The Law Of Psychic Phenomena - online book

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THE LAW OF PSYCHIC PHENOMENA.
exhibited in dogs, horses, and other domestic animals accustomed to regular hours of employment.
A friend of the writer once owned a large plantation in one of the Southwestern States, upon which he worked a large number of mules. They were regularly employed on week-days, but on Sundays they were turned into a corral and allowed to rest. On regular work-days they were tractable and easily handled; but if one was wanted for a Sunday excursion it was with the greatest difficulty that he could be caught or made to perform any labor whatever.
An English gentleman, well known to the writer, relates a curious anecdote of a dog which was raised in his family. After the dog had come to maturity, one of the sons married and set up an establishment about three miles from the parental mansion. It was the habit of the family to see that the dog was fed regularly, immediately after each meal, with the scraps from the table. At the home mansion the Sunday dinner-hour was the same as on week-days, but was just two hours earlier than that adopted at the son's establishment. This fact the dog by some means became acquainted with, and he never failed to take advantage of the information. Every Sunday he would wait patiently for the home dinner; and having finished it, he would promptly take his departure, and never failed to put in an appearance at the son's house on time for dinner, where he was sure to be welcomed and entertained as an honored guest. On week-days the dinner-hour at the two houses was the same, and consequently he never made a pilgrimage in search of an extra meal on any day but Sunday.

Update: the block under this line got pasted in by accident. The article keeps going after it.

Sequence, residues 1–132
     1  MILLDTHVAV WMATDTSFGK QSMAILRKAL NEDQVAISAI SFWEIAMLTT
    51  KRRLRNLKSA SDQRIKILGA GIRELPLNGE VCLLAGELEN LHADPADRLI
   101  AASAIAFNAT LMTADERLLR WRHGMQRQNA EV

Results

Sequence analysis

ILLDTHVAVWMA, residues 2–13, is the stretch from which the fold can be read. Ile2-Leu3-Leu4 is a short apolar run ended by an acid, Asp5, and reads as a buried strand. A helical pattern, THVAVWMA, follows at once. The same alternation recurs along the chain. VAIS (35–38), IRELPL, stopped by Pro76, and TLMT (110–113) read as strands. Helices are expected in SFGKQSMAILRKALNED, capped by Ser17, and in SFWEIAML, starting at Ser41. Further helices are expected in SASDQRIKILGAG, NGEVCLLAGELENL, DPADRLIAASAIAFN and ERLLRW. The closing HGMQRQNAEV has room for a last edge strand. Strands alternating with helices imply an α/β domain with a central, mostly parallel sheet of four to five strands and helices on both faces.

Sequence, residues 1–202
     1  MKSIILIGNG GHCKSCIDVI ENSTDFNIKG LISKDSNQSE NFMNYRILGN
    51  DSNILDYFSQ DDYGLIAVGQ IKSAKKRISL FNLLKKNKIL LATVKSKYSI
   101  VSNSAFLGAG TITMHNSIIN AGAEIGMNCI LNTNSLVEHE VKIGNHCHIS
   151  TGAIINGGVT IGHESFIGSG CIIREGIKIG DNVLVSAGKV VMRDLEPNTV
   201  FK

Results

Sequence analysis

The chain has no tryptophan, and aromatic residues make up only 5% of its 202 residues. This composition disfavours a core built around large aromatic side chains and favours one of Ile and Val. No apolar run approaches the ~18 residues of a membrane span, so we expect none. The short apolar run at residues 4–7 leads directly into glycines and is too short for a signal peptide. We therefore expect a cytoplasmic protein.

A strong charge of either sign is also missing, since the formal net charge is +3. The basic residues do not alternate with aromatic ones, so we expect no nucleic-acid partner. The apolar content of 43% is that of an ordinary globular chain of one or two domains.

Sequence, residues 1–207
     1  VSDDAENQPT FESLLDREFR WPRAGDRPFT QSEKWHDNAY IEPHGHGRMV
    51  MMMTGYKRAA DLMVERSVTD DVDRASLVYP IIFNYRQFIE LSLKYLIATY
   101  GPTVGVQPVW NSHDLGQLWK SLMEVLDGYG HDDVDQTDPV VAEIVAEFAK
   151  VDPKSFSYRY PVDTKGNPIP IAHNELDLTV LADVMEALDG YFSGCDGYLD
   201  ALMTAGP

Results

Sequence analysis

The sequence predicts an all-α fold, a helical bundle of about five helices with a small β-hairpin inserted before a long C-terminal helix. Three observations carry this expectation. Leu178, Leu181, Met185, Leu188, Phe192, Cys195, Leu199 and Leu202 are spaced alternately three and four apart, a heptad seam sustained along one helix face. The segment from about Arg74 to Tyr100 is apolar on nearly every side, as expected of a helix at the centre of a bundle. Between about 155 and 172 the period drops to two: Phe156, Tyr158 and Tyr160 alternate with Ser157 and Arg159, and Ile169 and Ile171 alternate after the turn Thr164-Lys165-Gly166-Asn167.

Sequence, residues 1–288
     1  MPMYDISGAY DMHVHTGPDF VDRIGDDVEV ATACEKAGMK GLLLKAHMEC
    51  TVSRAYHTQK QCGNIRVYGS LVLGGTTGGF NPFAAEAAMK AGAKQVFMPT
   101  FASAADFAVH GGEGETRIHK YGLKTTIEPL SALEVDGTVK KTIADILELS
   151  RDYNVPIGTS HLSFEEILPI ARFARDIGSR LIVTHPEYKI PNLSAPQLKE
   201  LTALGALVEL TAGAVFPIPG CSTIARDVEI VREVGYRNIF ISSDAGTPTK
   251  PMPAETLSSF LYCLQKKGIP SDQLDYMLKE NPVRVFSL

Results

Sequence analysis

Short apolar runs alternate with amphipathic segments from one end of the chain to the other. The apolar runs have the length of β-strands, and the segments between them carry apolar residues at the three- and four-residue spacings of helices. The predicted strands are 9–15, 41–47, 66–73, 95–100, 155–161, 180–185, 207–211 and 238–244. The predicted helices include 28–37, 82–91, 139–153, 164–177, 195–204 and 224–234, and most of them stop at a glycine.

A favorite mastiff in the family of the writer has taken upon himself the regulation of the household affairs. He awakens the family in the morning at a certain hour, and insists upon promptitude in rising. At precisely twelve o'clock he notifies the family that it is time to feed the horse, and will give no one any peace until his friend's wants are supplied. His own meal seems to be a secondary consideration. At three o'clock he notifies his mis-